Visitor Expenditure Up As Tourism Spend Outpace Arrivals For The First Time In Three Years

Caribbean Tourism Organization

Press Release

CHARLOTTE AMALIE, St Thomas (CTO) — The Caribbean recorded a rise in visitor expenditure in 2013 when compared to 2012, with the spending rate outpacing that of visitor arrivals for the first time in three years.

The Caribbean Tourism Organization (CTO), the authority on Caribbean tourism arrival statistics and visitor spend, announced today that visitors to the Caribbean spent an estimated US$28.1 billion in 2013, up 2.3 per cent over 2012. This was fuelled by the accommodation sector which recorded a 7.5 per cent rise in room revenues, the CTO chairman and commissioner of tourism for the USVI, Beverly Nicholson-Doty, revealed.

Quoting figures from Smith Travel Research, an American company that tracks supply and demand data for the hotel industry, Ms. Nicholson-Doty observed that the three main indicators for the accommodation sector – room rates, revenue per available room and occupancy – all showed positive signs of growth in 2013.

“There wasn’t a single month during 2013 that any of these indicators fell below 2012 levels,” said the CTO chairman at a news conference here to deliver the 2013 State of the Industry Report compiled by the research division of the CTO.

In addition to increased expenditure, Ms. Nicholson-Doty pointed to dramatic rises in visitor arrivals from South America and travel within the region as evidence that the Caribbean’s tourism industry is showing signs of progress.

“We see this progress in the record number of overall arrivals in 2013. This progress is manifested in the rapid rise in the number of visitors from South America who are coming to the Caribbean in record numbers. You can tell there’s progress when a record number of Caribbean residents travelled within the region for touristic purposes, despite transportation challenges,” she told journalists gathered at Government House, as well as regional and international media following the live stream.

An estimated 1.5 million tourists from South America visited the Caribbean last year, up 13 per cent over 2012 and 70 per cent higher than the 859 thousand who visited in 2009. Meanwhile, travel among Caribbean destinations grew by 2.1 per cent in 2013, with estimated 1.6 million Caribbean people travelling for touristic purposes.

However, the CTO chairman warned that these positive signs were tempered by a slowdown in the overall growth rate – a 1.8 per cent rise in arrivals. That was a lot slower than the 4.9 per cent rise in 2012. Still the Caribbean welcomed over 25 million stayover visitors last year, up from 24.6 million in 2012.

Ms. Nicholson-Doty said that the US market continued its recovery, with arrivals up nearly three per cent, but that Canada was flat with a marginal rise of 0.7 per cent, the lowest year-over-year growth in this market since 1997. The UK and Europe, she said, were sluggish, with arrivals from the UK down to under a million visitors – a 1.4 per cent drop – and Europe overall down 3.75 per cent. Cruise passenger visits were up 2.7 per cent to 21.8 million.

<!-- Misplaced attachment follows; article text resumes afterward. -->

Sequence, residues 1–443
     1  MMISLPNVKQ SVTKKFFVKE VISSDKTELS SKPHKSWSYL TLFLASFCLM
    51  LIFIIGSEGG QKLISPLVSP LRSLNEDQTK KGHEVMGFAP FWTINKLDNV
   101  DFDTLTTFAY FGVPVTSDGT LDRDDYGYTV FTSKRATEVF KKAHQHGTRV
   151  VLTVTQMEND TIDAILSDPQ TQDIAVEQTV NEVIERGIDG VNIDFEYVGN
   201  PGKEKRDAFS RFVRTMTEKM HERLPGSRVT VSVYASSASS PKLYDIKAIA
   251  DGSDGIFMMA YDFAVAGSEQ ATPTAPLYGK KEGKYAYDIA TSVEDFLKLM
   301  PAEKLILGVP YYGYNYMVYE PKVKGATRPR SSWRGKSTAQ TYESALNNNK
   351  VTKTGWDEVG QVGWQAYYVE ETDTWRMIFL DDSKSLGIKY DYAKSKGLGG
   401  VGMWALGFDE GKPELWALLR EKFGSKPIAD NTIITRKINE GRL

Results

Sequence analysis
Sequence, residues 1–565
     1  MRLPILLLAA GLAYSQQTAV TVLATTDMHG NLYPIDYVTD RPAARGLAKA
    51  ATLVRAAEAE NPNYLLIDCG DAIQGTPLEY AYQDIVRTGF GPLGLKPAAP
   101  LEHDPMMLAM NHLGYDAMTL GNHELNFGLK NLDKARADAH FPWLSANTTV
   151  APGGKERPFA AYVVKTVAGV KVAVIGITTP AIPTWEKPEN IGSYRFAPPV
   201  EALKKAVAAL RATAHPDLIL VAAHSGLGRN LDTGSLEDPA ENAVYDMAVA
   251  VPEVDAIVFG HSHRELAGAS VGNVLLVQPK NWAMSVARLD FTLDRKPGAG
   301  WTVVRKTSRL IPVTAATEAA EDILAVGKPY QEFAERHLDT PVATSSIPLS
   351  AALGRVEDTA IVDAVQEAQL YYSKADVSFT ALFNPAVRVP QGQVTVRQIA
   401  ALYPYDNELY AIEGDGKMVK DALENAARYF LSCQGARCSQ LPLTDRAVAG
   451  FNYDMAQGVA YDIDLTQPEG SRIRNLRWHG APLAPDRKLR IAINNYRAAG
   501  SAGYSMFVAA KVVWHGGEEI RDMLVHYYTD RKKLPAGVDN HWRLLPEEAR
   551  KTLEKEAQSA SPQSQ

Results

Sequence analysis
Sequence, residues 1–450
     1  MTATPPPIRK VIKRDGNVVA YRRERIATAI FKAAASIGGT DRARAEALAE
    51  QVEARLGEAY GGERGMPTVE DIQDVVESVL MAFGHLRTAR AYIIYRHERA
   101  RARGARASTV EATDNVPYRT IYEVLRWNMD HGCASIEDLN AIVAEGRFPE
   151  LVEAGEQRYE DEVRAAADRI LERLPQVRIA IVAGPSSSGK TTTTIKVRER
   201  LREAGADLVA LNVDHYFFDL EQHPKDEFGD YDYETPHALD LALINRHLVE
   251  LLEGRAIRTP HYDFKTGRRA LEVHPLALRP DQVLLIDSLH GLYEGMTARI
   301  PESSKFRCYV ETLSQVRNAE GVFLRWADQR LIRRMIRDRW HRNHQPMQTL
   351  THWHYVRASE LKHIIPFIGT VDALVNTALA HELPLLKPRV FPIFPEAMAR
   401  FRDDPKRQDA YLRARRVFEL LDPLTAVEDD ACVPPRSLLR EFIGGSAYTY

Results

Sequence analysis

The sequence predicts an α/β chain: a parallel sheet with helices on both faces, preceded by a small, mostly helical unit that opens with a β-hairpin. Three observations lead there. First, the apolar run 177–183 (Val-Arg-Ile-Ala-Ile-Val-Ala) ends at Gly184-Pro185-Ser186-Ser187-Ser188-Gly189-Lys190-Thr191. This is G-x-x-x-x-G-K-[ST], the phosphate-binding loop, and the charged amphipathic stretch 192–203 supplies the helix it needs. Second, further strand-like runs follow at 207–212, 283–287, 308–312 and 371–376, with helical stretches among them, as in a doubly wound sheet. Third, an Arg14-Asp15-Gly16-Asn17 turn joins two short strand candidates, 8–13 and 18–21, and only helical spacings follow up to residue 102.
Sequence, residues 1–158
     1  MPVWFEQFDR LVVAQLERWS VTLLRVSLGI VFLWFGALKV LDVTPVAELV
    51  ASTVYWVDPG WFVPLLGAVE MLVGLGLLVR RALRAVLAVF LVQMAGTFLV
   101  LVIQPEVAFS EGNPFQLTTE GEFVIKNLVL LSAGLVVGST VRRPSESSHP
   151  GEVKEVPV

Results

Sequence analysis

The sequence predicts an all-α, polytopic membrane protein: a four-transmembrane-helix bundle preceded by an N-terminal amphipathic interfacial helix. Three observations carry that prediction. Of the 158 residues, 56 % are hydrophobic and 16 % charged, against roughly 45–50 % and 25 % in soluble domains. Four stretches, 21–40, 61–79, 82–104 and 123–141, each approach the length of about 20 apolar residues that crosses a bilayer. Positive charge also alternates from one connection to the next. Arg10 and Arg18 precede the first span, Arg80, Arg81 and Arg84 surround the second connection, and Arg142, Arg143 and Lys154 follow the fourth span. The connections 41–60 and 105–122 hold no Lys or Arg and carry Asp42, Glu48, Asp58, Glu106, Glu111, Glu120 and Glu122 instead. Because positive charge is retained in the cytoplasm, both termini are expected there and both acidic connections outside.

“It’s evident that the atmosphere of despair has lifted and the Caribbean anticipates an improved performance in 2014,” the CTO chairman said. “It’s generally expected that global economies will perform better in 2014, with the IMF predicting one per cent growth across Europe and 2.8 per cent in the US. The demand for travel, therefore, will remain buoyant. As a result, tourist arrivals to the Caribbean are expected to rise between two and three per cent in 2014.”

Cruise arrivals, she added, are likely to rise by about three percent in 2014.

About The Caribbean Tourism Organization

The Caribbean Tourism Organization (CTO), with headquarters in Barbados and offices in New York and London, is the Caribbean’s tourism development agency comprising membership of over 30 countries and territories including Dutch, English, French and Spanish, as well as a myriad of private sector allied members. The CTO’s vision is to position the Caribbean as the most desirable, year round, warm weather destination by 2017, and its purpose is Leading Sustainable Tourism – One Sea, One Voice, One Caribbean.

Among the benefits to its members the organization provides specialized support and technical assistance in sustainable tourism development, marketing, communications, advocacy, human resource development, research and information technology.

In addition the CTO, in partnership with the Caribbean Hotel & Tourism Association, jointly and equally owns the Caribbean Tourism Development Company, a marketing and business development entity dedicated to promoting the Caribbean brand worldwide.

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